Writer, Reader, Rascal

Andrew Boulton is a copywriter with a decade of scribbling experience at places like Egg the online bank, some top agencies in the Midlands and once for a ...

...man who carved dolphins out of cheese. He was nominated for the Professional Publishers Association Award for Business Media Columnist of the Year despite having little or no grasp of the semi colon. He has decent hair but a disappointing beard. You can follow him on Twitter @Boultini.

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25 June 2013 - 11:24am | posted by | 3 comments

The bad, the bad and the bad: how should creatives handle terrible ideas from clients?

The bad, the bad and the bad: how should creatives handle terrible ideas from clients?The bad, the bad and the bad: how should creatives handle terrible

I have an idea for a West End musical version of the 1970s killer bee film ‘The Swarm’. This is a bad idea and friends and strangers alike have no reticence in telling me so.

But in the professional life of a copywriter, voicing our concerns about frankly appalling ideas to one group in particular is nowhere near as straightforward.

That group is of course our clients.

I’ve always found the sneering and scornful attitude take by some marketing creatives to their clients to be a little uncomfortable. Maybe I have just been incredibly fortunate, but I have worked with a great many insightful, imaginative and open-minded clients who have contributed as much to the process as any member of the creative team.

Inevitably, however, I have also encountered narrow-mindedness, paucity of imagination and misguided intentions and ideas. There has surely never been any malice behind any of these obstacles placed before me, but the obstacles were raised nonetheless.

The question then is how do you confront your client’s bad ideas with sensitivity and, more importantly, persuasively enough to force a revaluation in their attitude?

The answer to this should always be with professional, reasoned arguments put across in a frank and certain tone. I appreciate though that is often less simple than writing cheery songs about an impending killer bee attack.

But should we, as copywriters and a wider creative body, allow discretion to get in the way of producing the very best work possible? The answer to this is far simpler, absolutely not.

The shared goal of client and creative alike is always the production of an impactful and persuasive campaign. If creativity wasn’t integral to this result we would all be working as zookeepers (a copywriter’s natural fallback career).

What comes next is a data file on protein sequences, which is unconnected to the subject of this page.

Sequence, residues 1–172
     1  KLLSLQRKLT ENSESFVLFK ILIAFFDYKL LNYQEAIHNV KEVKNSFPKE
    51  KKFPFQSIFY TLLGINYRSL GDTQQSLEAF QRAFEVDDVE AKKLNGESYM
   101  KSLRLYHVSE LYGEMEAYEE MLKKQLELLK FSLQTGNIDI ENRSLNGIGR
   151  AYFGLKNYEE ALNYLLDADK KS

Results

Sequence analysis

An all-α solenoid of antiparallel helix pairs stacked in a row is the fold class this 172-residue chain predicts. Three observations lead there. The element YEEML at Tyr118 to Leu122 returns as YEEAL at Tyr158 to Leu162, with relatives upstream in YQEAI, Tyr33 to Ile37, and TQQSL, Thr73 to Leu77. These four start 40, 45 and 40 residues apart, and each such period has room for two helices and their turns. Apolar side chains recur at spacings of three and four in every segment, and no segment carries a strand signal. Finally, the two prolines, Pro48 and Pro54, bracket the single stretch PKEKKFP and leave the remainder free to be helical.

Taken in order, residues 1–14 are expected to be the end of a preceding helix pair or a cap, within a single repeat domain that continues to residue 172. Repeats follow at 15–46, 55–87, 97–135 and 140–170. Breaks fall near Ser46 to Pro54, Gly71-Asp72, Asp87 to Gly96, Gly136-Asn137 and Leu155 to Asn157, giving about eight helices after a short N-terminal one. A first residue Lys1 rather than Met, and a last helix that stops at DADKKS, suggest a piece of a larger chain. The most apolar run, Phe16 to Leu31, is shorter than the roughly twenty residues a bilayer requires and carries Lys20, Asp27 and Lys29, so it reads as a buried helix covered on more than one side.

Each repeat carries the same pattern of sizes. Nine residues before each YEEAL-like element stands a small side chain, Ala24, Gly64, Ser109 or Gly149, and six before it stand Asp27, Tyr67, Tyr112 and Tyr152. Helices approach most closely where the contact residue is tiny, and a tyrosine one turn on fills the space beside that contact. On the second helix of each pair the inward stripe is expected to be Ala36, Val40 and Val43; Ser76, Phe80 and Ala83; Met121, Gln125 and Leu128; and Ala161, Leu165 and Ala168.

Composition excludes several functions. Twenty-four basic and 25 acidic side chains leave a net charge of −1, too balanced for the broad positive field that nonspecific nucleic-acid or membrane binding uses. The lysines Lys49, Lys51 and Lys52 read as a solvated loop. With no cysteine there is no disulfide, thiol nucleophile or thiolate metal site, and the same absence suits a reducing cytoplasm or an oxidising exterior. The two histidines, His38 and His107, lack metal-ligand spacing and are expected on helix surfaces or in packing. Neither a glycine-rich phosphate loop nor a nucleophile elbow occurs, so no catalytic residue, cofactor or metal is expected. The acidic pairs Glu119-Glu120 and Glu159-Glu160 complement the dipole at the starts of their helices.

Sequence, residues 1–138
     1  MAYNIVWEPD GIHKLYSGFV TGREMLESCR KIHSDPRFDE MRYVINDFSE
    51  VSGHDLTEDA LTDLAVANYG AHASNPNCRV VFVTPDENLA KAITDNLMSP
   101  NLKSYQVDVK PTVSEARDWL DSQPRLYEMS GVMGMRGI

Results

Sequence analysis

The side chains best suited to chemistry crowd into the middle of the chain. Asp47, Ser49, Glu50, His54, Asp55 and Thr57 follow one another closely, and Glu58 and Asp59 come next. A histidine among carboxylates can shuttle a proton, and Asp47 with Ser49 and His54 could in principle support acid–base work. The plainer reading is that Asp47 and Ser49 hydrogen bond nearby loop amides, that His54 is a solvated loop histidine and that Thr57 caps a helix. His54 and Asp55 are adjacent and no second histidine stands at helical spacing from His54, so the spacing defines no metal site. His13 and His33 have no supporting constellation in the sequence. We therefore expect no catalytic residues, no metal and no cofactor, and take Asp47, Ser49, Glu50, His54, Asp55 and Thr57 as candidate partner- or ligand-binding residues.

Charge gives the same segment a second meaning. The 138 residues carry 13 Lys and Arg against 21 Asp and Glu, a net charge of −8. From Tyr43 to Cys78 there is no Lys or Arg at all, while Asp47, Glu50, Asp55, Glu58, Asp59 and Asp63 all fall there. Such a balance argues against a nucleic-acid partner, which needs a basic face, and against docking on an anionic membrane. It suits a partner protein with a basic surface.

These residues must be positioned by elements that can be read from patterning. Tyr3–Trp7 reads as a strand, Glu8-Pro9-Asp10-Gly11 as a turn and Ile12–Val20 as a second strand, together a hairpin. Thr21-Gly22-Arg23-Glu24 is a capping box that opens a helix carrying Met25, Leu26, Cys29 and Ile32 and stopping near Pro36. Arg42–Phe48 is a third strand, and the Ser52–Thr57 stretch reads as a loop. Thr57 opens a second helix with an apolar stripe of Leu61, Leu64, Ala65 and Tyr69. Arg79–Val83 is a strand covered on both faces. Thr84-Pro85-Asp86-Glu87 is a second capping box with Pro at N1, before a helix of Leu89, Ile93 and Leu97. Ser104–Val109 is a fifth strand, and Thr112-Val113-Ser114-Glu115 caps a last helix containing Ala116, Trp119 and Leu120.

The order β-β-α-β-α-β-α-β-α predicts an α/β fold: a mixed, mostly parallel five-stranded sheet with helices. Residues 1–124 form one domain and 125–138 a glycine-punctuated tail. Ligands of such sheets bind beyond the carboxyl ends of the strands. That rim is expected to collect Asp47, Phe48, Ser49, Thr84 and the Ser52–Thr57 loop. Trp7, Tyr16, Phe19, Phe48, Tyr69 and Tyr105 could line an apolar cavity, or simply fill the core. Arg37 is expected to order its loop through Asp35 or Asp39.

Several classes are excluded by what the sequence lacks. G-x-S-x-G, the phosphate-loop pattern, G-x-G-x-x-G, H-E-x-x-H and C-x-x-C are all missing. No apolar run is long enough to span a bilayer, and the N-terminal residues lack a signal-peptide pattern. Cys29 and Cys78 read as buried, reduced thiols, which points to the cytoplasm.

Therefore we are not unreasonable in assuming that our role is to ensure the highest levels of creativity (albeit in relation to a positive commercial outcome) not to pander to feelings, whims or peeves of our clients.

A mutually candid exchange of views between ourselves and our clients can only be of massive benefit to the whole process. The same must surely be said of a more assertive and authoritative approach to our business by creatives.

Oh, and if any of you were wondering the title of my Swarm musical will be ‘Stinging in the Rain’. One day people, one glorious day...

Follow Andrew Boulton on Twitter @Boultini

Andrew Boulton is a copywriter at the Together Agency. He’s Stinging in the Rain, just Stinging in the Rain.

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Comments

26 Jun 2013 - 21:56
john1's picture

What I find far more frustrating than the simple bad idea is the bad idea that everybody knows is a bad idea. Too often even a really smart client will do something because it's what's expected, even though they know it's doomed to fail.

Agency: Your data is really bad, we'd advise against a big mailing for this campaign.

Client: But it's what everybody expects. We have to do it any way.

I wish that more client-side marketers were better at, as the Americans would say, telling truth to power.

27 Jun 2013 - 08:55
andrewboulton's picture

@john1 absolutely right John, people too often ignore what they should/could do for what they've always done.

14 Aug 2013 - 11:43
billh17124's picture

Clients who don't value or honor the professional opinions of their agency aren't the right client. And, like any other bad relationship, they take up the time you need to find or work on the right client. Let them go politely and don't belabor why. They'll learn soon enough that doing the expected isn't helping their business.

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